Transport Tech 

Self-driving truck hits the highway in world first

Daimler Trucks has shifted gears in its ongoing effort to develop autonomous vehicles. By fitting its Highway Pilot self-driving system to a Mercedes-Benz Actros truck and steering it down a stretch of Autobahn 8 near Stuttgart, the company has marked the first time an autonomous production semi has been tested out on public roads.

Much like the posited advantages of self-driving cars, Daimler says improvements in driver safety are a compelling reason to pursue the technology in the road freight sector. By allowing autonomous systems to shoulder some of the burden on long-haul journeys, it says it can reduce driver fatigue and limit mistakes and distractions. Furthermore, when it comes to changing gears, accelerating and braking, the system is said to be more efficient, meaning less fuel and carbon emissions as a result.

Daimler’s Highway Pilot system first debuted on the open road last year aboard the Mercedes-Benz Future Truck 2025 – a concept vehicle intended to demonstrate what a future of autonomous trucking might look like. Then earlier this year another of the company’s concept vehicles, the Freightliner Inspiration, received official licensing to roam the public highways in the state of Nevada.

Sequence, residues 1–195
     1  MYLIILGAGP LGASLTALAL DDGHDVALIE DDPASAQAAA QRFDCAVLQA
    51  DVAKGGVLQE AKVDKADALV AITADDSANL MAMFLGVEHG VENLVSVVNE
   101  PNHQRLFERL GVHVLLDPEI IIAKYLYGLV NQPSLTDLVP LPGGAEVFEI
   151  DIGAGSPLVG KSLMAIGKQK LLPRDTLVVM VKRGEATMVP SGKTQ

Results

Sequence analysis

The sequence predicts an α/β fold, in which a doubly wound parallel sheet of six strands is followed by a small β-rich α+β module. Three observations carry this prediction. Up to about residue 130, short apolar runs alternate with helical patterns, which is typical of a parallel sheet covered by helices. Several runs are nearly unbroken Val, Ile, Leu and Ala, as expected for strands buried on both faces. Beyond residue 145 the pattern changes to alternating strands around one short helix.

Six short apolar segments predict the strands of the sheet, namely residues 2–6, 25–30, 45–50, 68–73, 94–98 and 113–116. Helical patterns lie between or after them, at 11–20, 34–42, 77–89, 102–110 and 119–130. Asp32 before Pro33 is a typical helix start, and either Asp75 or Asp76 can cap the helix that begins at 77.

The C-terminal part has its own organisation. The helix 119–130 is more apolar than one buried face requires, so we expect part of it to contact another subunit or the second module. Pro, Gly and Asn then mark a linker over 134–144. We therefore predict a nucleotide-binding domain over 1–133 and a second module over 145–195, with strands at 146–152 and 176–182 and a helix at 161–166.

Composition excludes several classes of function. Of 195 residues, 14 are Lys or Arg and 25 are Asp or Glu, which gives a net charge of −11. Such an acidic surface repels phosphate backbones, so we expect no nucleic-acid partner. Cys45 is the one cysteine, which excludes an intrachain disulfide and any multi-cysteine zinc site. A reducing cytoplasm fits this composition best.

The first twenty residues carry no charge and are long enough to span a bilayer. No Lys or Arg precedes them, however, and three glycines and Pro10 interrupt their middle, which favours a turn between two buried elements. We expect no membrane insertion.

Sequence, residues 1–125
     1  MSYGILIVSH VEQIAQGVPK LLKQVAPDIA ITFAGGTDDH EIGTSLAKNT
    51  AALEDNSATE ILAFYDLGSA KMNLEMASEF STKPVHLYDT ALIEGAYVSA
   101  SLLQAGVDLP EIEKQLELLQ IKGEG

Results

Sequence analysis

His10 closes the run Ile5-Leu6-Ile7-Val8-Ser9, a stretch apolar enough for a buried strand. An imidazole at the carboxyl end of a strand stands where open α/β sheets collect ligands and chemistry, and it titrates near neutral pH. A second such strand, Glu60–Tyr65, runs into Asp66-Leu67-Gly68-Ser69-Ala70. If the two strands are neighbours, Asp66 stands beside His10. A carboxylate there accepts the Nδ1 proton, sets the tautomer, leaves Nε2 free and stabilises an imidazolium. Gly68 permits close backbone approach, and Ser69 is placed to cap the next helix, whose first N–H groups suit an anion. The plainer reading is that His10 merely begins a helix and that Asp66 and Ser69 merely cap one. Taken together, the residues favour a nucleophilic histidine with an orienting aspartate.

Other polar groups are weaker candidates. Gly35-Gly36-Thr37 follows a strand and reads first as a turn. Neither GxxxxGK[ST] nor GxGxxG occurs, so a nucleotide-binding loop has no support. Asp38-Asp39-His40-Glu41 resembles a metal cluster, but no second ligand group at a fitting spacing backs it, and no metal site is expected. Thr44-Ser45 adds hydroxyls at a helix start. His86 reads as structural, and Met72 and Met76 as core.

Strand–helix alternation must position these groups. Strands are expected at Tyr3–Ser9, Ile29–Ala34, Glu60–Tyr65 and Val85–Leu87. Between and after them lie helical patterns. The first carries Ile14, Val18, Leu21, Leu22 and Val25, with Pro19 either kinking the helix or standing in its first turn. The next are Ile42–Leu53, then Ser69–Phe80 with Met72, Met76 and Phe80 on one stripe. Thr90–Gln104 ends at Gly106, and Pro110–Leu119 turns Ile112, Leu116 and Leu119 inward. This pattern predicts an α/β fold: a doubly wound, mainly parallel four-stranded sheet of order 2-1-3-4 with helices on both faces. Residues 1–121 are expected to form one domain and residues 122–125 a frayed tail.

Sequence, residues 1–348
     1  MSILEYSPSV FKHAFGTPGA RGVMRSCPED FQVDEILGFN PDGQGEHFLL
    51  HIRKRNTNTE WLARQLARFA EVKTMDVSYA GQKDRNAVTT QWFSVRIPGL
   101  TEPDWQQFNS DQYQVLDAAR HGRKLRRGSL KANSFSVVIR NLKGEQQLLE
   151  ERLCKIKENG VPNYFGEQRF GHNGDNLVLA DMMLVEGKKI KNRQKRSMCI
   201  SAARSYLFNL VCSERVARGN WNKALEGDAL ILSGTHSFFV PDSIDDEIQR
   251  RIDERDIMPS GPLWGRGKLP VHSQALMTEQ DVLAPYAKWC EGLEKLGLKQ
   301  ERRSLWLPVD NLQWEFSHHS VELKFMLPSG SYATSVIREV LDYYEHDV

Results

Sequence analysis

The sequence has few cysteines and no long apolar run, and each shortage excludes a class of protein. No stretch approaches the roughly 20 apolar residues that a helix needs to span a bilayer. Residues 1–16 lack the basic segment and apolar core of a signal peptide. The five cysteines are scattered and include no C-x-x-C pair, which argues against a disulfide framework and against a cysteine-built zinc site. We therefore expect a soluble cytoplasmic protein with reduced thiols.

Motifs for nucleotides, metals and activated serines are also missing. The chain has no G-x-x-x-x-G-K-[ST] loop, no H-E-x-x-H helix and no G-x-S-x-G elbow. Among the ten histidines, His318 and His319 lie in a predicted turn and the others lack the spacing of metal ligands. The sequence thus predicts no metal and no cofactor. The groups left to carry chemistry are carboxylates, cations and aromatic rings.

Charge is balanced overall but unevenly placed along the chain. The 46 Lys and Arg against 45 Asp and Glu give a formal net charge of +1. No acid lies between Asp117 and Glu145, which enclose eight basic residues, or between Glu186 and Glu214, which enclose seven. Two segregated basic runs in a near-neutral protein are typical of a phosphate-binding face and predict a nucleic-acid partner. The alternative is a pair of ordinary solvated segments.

The latest autonomous expedition saw the Highway Pilot system installed and tested in something other than a concept vehicle for the first time. Onboard the modified Mercedes-Benz Actros was Daimler executive Dr Wolfgang Bernhard and Winfried Kretschmann, Minister-President of the state of Baden-Württemberg, who travelled along the Autobahn 8 between Denkendorf and Stuttgart with the Highway Pilot system helping guide the way.

The system uses a short-range radar that assess the vehicle’s surroundings up to 230 ft (70 m) away in a forward-facing 130-degree arc, while a long-range unit scans out to 820 ft (250 m) in an 18-degree arc. These work in conjunction with Active Cruise Control and Active Brake Assist, along with a stereo camera that identifies road markings and guides steering.

While self-driving is the name of the game, Highway Pilot isn’t about letting those behind the wheel plonk their feet on the dashboard and snooze their way to their destination. Daimler likens the system to the autopilot used in aviation, in that the driver must be prepared to take control at any time. The system can prompt the driver to do so if there is a change in weather or road conditions, and if they don’t respond in time the truck is brought to a stop.

To conduct this demonstration, Daimler had to obtain a special permit from Germany’s road traffic regulator, allowing the truck to be driven semi-autonomously on highways at speeds of up to 80 km/h (50 mph).

While widespread adoption of autonomous trucks still appears some way off, the opportunity to test out the technology in real-world scenarios will help speed up the process.

“Safe testing in real traffic is absolutely decisive for the development of this technology to market maturity,” says Bernhard. “We are now able to proceed with this.”


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